My Mom Keeps Calling

And I keep hang­ing up.

The first thing she asks, non­cha­lant­ly like noth­ing has hap­pened, is whether I’ve eat­en yet. This is some­thing thing she used to say at the begin­ning of every phone call. One of her old habits, to make sure I’m eat­ing enough.

I did­n’t answer her ques­tion, but asked what she want­ed. She told me she just want­ed to see how I was doing.

She does­n’t get it. I don’t want to talk to her. I nev­er want to talk to her again. Every call is a reminder of the wounds that haven’t healed.

It’s like hav­ing your rapist show up at the door with flow­ers.


  1. That’s pret­ty harsh dude. You need to resolve this at some point in your life. I don’t think the “nev­er want to talk to you again” will work. Regardless of what they’ve done, they’re still your par­ents.

    You seem to be doing pret­ty good for your­self right now. How about tak­ing a big step and let­ting her be part of your life again ? What’s the worse that can hap­pen ? You’re smarter now so you would­n’t let your­self get hurt / abused / neglect­ed again. It might be an oppor­tu­ni­ty to heal old wounds and move on.

    Even if you does­n’t want to accept her actions, tell her your side of things and just leave them behind you for good. It’ll be bet­ter in the long run because you would­n’t have to keep remind­ing your­self of what you went through.

  2. The “they’re still your par­ents” argu­ment holds no water with me. I have no sense of fil­ial piety. This may be because I’m a Taoist, or the fact that I nev­er actu­al­ly felt like I was fam­i­ly around my par­ents. Besides, if your father mur­ders your moth­er, broth­er, and wife do you have to for­give and accept him just because he’s your blood? There are no rules in this world, just as all is fair in love and war. To quote Onegin, “Why should one human be bound to anoth­er by an acci­dent of birth?”

    She knows exact­ly what she did wrong because I’ve told her. Very clear­ly and in sim­ple terms. By not talk­ing to her any­more, I have let it go. My life has been bet­ter from the sim­ple fact that she’s out of my life. If you think I’m doing pret­ty well for myself now, part of it is because I no longer have her poi­son in my blood. I’m glad that I may come off as being smart enough not to be hurt/abused/neglected, but there’s a rea­son why I’m spend­ing $600 a month in ther­a­py right now and spi­ral­ing into debt. Trust me, this is mon­ey I’d rather not be spend­ing.

    I’m try­ing to leave things behind, but it’s she who keeps call­ing me. When I for­get about her, my wounds heal. When she calls, my wounds open. This woman has mind­fucked me, and any con­tact is a reminder of this. This is the worst that could hap­pen, and it does.

  3. Jeff, unless it is impos­si­ble to re-inform all your oth­er oth­er friends, con­tacts and busi­ness col­leagues, just change and unlist your phone num­ber.

    While I feel sor­ry for your mom in a way (who even though she may have been destroy­ing you obvi­ous­ly has no clue what she’s done to you), I under­stand your posi­tion com­plete­ly.

    She must stay away until you are so healed that she can’t hurt you, even with con­tact.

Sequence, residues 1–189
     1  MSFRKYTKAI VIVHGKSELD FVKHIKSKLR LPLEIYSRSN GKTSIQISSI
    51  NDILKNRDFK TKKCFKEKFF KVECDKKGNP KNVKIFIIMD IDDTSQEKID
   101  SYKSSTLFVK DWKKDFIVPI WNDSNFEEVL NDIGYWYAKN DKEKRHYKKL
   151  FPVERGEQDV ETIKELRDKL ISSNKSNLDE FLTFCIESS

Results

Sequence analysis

I hope she reads this and real­izes the seri­ous­ness.

  4. why not try block­ing her num­ber?

    From what I gath­er, she’d be too proud to go to a friend or fam­i­ly mem­bers home, explain why she needs to use their phone and call you from anoth­er num­ber.

    It can always be unblocked, and should the time come when you want to bridge that gap, noth­ing says you can’t call her on your own terms when you’re good and ready.

  5. @Xibee — I’d rather not change my phone num­ber. Aside from the fact that I have busi­ness cards made and the like, I feel like I should­n’t have to change any part of my life. It’s she who has to wake up and stop try­ing to con­tact me. You hit the nail on the head about it being bet­ter if she stayed away. Not that it would change any­thing, but it does­n’t exact­ly make her case any bet­ter when she calls.

    @loo — I would­n’t put it past her to go to some­one else’s house to call me, so block­ing her num­ber would­n’t solve any­thing. In either case, I’d be afraid that it would give her rea­son to show up at my door as the next step.

  6. I hate to see peo­ple not get along with their par­ents, but I know how you feel. My broth­er has the abil­i­ty to ignore my par­ents and not let them in on his life, but I feel bad about it. I know I prob­a­bly should­n’t, and no mat­ter how much my par­ents have messed me up, in the end, I still can’t be mean to them because it makes me feel bad. I also hate how it makes me feel bad but I can’t help it. You’re right, it’s like a poi­son, but I try to avoid con­tact as much as pos­si­ble. I don’t nec­es­sar­i­ly hang up on her, but I do try to end the con­ver­sa­tion.

  7. I’ll share my mom with you Jeff. :-)


  8. @Sophia — I find that inter­est­ing, because I’ve seen you inter­act with your mom. I nev­er would have been able to tell. The fact that you don’t like how you feel bad is def­i­nite­ly some­thing to take note of. It’s a point I’ve been able to sur­pass, per­haps because my expe­ri­ence has been ter­ri­ble enough. The way you describe your broth­er reminds me of Pat; some­one who is strong enough to deal with his par­ents.

    @Steve — I hope she can cook Chinese. :)

  9. Actually I think my broth­er is a cop out when it comes to my par­ents. He is rude and unfor­giv­ing, and even though they messed up, in the end I think they did the best that they could and they’re good peo­ple. It would be dif­fer­ent if they were mali­cious and did things to hurt us on pur­pose. I think they did it because they did­n’t know any bet­ter.

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